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The enhanced knowledge translation and exchange framework for road safety: a brief report on its development and potential impacts
  1. Reece Hinchcliff1,
  2. Teresa Senserrick2,
  3. Joanne Travaglia3,
  4. David Greenfield4,
  5. Rebecca Ivers5
  1. 1School of Public Health and Community Medicine, UNSW Medicine, University of New South Wales, Sydney, New South Wales, Australia
  2. 2Transport and Road Safety Research, University of New South Wales, Sydney, New South Wales, Australia
  3. 3Faculty of Health, University of Technology Sydney, Sydney, New South Wales, Australia
  4. 4Australian Institute of Health Innovation, Macquarie University, Sydney, New South Wales, Australia
  5. 5The George Institute for Global Health, University of Sydney, Sydney, New South Wales, Australia
  1. Correspondence to Dr Reece Hinchcliff, School of Public Health and Community Medicine, UNSW Medicine, University of New South Wales, Level 3, Samuels Building, Sydney, NSW 2052, Australia; r.hinchcliff{at}


Knowledge translation and exchange (KTE) can enable evidence-informed road safety policy and practice by reducing the gap between what is known to be effective and what actually occurs. A quality improvement project, undertaken within a government policy frame, was implemented in 2015 to produce an enhanced KTE framework for road safety (the framework). Information was collected from 35 road safety stakeholders in the UK, the Netherlands, Norway and Sweden. Thirteen KTE facilitators were identified that covered research funding and production, the expertise of knowledge users and dissemination practices. The framework was subsequently developed, which separated facilitators seen as essential for a KTE system, from others perceived as aspirational due to their lesser influence and the considerable time and resources required for their implementation. The framework provides a heuristic device to enable policy agencies to holistically assess and improve current KTE systems for road safety, to encourage evidence-informed policy and practice.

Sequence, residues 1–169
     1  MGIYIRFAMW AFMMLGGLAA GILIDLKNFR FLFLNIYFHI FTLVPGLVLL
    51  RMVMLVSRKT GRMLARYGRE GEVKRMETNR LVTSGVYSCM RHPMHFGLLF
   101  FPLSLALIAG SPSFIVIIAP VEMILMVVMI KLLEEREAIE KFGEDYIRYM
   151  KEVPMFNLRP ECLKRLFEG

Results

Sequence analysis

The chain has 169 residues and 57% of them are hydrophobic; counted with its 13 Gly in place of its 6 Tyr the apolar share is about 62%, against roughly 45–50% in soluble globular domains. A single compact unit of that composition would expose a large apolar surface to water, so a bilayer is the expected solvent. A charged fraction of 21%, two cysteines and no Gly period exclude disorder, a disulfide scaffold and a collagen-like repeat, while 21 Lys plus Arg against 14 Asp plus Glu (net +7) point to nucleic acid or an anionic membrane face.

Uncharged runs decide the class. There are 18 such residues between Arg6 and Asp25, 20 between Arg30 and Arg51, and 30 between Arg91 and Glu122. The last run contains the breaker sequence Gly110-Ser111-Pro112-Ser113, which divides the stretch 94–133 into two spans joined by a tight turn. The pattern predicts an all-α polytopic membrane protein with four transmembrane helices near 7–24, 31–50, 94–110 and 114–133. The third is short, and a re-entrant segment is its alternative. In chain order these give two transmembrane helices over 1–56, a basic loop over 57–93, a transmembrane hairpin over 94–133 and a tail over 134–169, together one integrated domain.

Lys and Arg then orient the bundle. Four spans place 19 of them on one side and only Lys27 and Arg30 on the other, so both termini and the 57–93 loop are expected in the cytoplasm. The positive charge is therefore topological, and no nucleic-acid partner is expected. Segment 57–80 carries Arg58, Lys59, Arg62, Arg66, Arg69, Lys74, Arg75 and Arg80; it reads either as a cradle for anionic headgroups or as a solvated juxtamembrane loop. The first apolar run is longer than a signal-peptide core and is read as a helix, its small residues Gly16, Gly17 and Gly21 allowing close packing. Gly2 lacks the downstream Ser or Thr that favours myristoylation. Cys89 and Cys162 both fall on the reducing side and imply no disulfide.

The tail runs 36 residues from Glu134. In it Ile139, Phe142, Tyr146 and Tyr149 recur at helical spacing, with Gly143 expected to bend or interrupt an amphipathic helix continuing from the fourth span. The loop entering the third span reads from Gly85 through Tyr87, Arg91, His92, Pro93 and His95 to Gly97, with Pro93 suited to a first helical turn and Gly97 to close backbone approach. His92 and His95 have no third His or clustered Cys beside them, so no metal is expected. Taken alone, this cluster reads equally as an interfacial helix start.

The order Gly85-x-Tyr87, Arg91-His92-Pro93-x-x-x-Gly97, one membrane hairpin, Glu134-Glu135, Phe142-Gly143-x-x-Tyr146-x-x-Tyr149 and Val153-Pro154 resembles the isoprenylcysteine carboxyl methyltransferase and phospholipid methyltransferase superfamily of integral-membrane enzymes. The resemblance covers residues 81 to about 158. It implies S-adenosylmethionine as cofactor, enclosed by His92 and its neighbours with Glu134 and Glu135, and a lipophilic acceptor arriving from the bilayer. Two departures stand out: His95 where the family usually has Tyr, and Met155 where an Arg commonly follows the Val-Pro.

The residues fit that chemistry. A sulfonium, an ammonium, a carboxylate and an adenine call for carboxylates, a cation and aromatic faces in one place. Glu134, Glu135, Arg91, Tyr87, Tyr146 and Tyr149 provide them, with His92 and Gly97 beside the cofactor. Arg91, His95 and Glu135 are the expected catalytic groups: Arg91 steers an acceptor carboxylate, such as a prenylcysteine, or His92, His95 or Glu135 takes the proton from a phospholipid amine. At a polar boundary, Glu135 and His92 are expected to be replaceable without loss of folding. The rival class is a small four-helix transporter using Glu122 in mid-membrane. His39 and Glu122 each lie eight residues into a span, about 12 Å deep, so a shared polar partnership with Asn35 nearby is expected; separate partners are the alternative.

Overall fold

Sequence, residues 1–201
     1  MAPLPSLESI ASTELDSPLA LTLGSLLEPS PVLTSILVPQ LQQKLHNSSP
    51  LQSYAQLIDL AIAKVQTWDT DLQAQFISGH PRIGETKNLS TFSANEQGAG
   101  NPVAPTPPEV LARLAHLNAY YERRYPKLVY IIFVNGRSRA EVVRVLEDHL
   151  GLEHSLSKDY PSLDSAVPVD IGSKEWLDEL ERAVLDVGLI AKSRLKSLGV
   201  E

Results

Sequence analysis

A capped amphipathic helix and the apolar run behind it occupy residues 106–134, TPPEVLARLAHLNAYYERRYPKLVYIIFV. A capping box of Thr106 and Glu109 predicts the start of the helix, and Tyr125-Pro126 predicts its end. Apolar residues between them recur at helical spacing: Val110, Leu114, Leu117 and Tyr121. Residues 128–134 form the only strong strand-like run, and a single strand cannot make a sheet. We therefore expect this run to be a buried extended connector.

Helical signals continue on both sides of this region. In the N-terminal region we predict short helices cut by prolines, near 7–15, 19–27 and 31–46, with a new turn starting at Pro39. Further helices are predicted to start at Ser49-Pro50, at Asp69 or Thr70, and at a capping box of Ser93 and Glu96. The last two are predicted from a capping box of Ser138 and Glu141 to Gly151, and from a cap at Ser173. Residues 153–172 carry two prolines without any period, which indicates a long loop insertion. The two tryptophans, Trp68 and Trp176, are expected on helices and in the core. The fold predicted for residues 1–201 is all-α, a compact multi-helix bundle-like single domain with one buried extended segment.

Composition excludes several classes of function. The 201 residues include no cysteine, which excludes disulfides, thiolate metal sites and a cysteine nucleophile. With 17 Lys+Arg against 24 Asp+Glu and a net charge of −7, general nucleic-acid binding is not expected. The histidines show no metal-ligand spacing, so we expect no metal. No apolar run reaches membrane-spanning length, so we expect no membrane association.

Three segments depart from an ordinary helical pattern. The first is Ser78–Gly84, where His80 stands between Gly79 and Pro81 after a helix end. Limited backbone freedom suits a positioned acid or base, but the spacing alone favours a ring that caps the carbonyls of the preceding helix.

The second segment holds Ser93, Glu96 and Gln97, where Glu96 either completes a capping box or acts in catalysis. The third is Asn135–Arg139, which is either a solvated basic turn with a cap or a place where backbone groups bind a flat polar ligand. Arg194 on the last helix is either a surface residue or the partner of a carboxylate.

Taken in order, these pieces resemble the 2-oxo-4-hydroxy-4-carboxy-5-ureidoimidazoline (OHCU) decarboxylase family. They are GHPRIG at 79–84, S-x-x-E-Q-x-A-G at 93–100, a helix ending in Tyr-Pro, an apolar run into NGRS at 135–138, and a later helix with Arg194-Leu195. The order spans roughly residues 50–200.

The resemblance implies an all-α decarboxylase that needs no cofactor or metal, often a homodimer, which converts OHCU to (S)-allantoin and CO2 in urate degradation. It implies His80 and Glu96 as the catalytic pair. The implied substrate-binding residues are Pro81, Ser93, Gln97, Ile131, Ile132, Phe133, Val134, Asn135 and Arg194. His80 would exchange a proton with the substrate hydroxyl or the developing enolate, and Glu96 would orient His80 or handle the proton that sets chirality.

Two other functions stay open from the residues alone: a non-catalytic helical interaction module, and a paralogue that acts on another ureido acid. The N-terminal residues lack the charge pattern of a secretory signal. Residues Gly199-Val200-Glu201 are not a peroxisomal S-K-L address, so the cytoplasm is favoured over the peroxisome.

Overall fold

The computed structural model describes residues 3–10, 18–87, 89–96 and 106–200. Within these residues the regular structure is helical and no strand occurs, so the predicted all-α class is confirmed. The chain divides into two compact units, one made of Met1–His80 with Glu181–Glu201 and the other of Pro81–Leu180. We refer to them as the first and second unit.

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  • Contributors RH: collected all project data. TS, JT, DG and RI: contributed to the project design, development of conclusions, and the revision of manuscript drafts. All authors approved the final manuscript.

  • Funding The project was funded through a fellowship from the Winston Churchill Memorial Trust of Australia, which was sponsored by the NRMA-ACT Road Safety Trust.

  • Competing interests RI is an editorial board member of Injury Prevention.

  • Provenance and peer review Not commissioned; externally peer reviewed.